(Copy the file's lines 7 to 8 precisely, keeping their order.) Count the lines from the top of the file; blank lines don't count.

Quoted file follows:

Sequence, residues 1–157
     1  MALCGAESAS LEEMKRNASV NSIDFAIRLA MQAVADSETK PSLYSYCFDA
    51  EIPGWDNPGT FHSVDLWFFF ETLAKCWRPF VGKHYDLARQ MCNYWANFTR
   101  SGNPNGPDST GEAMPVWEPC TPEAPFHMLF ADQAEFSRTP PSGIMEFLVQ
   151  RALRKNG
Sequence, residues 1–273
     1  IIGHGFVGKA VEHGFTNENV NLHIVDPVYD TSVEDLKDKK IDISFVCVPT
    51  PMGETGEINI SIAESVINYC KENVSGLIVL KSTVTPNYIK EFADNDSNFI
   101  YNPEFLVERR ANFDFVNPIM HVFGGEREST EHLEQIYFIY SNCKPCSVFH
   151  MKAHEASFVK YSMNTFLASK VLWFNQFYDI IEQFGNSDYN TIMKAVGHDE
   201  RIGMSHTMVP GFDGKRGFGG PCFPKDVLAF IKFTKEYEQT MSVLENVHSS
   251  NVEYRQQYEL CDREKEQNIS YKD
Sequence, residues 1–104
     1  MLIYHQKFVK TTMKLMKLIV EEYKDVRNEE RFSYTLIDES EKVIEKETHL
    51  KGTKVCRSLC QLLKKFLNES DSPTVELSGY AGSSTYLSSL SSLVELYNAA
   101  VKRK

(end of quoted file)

     1  IIGHGFVGKA VEHGFTNENV NLHIVDPVYD TSVEDLKDKK IDISFVCVPT
    51  PMGETGEINI SIAESVINYC KENVSGLIVL KSTVTPNYIK EFADNDSNFI